Michael Kerkloh will head Munich Airport until the end of 2019. The Supervisory Board has just prolonged the contract of the 63 year-old manager, who is sitting on MUC’s driver seat since 2002.
Stated Markus Soeder, Bavaria’s Finance Minister and Chairman of the Airport’s Supervisory Board: “The decision is a thank you and gesture of the shareholder’s appreciation for an extremely
successful airport management under the stewardship of Mr Kerkloh.” Soeder went on to say: “We are confident that the proven management keeps MUC on the course of success.”
Europe’s first “Five Star” airport
Kerkloh and his team have developed the airport to Europe’s best, recognized by the London-based Skytrax Institute who granted MUC the prestigious “Five-Star Airport” designation, making the hub the first airport in Europe to earn this recognition.
Kerkloh’s next big challenge will be to convince Bavarian politicians to get their okay for building a much needed 3rd runway, or else there is no room for future traffic growth due to limited ground capacity. Even today, it is virtually impossible for airlines to obtaining a free slot at peak hours. Given the fact that a new runway wouldn’t be operational before 2024 at best, supposed green light is given by Bavarian politicians soon, airlines will have to deploy significantly larger aircraft in the coming years if they want to grow their passenger and cargo business at MUC.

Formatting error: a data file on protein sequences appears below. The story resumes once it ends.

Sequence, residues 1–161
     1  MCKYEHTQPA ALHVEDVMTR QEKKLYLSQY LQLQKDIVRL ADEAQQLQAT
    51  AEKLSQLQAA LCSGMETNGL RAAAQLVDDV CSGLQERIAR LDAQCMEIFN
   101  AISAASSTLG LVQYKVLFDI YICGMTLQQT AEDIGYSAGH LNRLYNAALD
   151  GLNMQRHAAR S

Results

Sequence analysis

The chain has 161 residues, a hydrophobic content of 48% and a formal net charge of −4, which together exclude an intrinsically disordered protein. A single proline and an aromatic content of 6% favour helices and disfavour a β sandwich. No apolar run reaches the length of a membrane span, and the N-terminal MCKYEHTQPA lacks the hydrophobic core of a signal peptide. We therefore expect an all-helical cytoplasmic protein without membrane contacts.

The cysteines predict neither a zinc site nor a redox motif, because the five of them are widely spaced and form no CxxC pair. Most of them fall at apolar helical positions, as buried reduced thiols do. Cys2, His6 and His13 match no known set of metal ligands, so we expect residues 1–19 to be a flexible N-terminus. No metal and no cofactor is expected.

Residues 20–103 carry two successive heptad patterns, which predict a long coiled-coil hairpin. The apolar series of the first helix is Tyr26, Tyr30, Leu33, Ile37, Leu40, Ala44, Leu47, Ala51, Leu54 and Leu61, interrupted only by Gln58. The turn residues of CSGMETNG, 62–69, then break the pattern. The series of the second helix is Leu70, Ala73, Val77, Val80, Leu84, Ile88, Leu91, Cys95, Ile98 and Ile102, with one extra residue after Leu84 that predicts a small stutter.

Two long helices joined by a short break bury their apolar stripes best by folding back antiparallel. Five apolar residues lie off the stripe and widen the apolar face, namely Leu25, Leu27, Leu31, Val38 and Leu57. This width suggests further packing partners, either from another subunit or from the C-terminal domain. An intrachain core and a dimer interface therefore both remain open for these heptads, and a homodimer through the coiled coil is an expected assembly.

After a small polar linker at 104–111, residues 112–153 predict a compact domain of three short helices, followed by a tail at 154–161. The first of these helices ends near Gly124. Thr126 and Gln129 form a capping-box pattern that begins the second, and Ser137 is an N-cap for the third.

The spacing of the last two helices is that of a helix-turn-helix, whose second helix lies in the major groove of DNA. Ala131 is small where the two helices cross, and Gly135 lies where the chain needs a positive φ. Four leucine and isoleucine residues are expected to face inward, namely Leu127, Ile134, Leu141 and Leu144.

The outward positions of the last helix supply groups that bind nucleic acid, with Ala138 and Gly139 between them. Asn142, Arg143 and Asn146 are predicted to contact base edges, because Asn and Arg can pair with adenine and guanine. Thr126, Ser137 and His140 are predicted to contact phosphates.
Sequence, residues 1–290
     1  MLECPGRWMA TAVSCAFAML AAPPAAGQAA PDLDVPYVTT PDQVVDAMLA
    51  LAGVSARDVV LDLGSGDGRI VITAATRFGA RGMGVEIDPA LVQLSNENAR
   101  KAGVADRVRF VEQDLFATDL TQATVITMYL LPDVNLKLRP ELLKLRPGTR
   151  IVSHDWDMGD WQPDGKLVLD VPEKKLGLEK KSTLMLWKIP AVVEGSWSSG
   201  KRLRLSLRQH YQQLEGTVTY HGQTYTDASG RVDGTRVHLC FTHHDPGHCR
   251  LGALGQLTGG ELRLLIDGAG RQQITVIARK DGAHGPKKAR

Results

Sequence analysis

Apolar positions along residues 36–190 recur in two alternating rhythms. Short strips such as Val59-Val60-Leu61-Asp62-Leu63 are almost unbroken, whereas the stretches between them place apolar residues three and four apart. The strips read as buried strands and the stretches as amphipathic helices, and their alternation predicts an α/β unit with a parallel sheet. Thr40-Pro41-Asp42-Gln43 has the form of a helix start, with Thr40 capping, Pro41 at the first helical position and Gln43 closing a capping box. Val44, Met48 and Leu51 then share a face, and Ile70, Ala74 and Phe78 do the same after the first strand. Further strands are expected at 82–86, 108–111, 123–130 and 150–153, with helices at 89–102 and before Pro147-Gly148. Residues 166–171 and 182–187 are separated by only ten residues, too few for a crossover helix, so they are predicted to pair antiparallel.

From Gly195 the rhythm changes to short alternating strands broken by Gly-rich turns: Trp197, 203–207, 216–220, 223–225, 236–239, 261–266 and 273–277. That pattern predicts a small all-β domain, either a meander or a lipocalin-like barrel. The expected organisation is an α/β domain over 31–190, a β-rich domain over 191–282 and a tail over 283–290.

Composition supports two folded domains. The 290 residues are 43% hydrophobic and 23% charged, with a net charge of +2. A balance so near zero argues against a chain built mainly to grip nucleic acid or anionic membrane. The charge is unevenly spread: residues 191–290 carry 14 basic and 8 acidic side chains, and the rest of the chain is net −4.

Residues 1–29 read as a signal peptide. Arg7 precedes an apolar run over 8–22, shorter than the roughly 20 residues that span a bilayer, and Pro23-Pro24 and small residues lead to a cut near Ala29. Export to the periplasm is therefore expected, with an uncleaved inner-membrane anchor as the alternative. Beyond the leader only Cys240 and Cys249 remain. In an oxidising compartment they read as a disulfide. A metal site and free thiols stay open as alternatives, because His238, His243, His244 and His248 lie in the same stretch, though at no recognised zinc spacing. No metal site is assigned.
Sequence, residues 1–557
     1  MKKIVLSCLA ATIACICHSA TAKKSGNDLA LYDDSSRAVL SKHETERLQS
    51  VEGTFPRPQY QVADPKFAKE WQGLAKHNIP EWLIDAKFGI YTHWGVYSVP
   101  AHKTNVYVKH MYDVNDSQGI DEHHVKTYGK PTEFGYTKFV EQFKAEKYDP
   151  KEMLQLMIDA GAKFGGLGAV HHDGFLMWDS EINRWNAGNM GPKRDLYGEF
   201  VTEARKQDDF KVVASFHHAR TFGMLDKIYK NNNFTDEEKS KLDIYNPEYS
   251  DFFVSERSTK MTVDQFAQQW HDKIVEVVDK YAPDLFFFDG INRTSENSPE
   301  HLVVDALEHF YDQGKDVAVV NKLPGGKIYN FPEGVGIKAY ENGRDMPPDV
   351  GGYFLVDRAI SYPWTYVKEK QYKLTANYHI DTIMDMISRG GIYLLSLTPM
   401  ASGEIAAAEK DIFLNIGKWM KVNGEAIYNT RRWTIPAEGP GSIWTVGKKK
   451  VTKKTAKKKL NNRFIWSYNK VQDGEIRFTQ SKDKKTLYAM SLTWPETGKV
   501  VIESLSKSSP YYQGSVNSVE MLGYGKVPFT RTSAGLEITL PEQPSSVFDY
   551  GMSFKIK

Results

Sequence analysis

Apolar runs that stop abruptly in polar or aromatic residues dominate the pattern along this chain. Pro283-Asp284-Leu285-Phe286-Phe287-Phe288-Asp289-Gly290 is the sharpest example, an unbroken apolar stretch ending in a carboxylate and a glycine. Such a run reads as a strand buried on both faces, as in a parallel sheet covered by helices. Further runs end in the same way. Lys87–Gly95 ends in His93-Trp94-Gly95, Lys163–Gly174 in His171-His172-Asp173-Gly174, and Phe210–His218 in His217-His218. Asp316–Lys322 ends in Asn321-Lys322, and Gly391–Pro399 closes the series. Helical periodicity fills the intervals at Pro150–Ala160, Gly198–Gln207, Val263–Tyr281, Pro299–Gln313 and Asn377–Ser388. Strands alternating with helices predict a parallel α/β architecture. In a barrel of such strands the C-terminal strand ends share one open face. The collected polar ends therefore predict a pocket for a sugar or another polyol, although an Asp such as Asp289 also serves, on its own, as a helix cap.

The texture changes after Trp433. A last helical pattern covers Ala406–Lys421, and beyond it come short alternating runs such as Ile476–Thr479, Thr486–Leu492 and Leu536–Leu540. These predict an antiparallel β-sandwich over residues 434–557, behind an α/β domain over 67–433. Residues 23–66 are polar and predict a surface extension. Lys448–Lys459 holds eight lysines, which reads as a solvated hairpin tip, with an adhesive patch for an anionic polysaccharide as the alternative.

In 2016, Munich Airport generated a record profit totaling €150 million, an increase of €7 million y-o-y. Passenger numbers rose by 3.1 percent to 42.2 million, so did cargo volumes reaching a record level of 353,650 tons, surpassing the 2015 figure by 5.2 percent.
25 years of proud history
How a newly built airport can positively affect the regional economy, creating ten thousands of jobs and develop into a main source of wealth documents the 25 year existence of Munich Airport. Unemployment in MUC’s vicinity is a foreign word in Erding, Garching, Neufahrn or any of the surrounding communities. “The local labor market hardly offers any personnel,” lamented a forwarding agent that runs a station at MUC on the occasion of the airport’s 25th anniversary.
The place’s official opening took place on May 11, 1992, six days ahead of the launch of flights.
MUC’s unprecedented rise began in the mid-1990s when former Lufthansa Chief Juergen Weber decided to base wide body aircraft at the Bavarian airport, this way kicking off long-haul services. Shortly after, MUC and LH agreed on jointly building Terminal 2, the first ever arrangement of this kind between an airport and a carrier.
Ever since, airlines flock to Munich, leading to rising passenger numbers and cargo volumes.
However, if the state of Bavaria should prohibit the construction of a third runway, following protests of action groups and concerns of the saturated middle class MUC’s success story might end once the ground capacity is exhausted.
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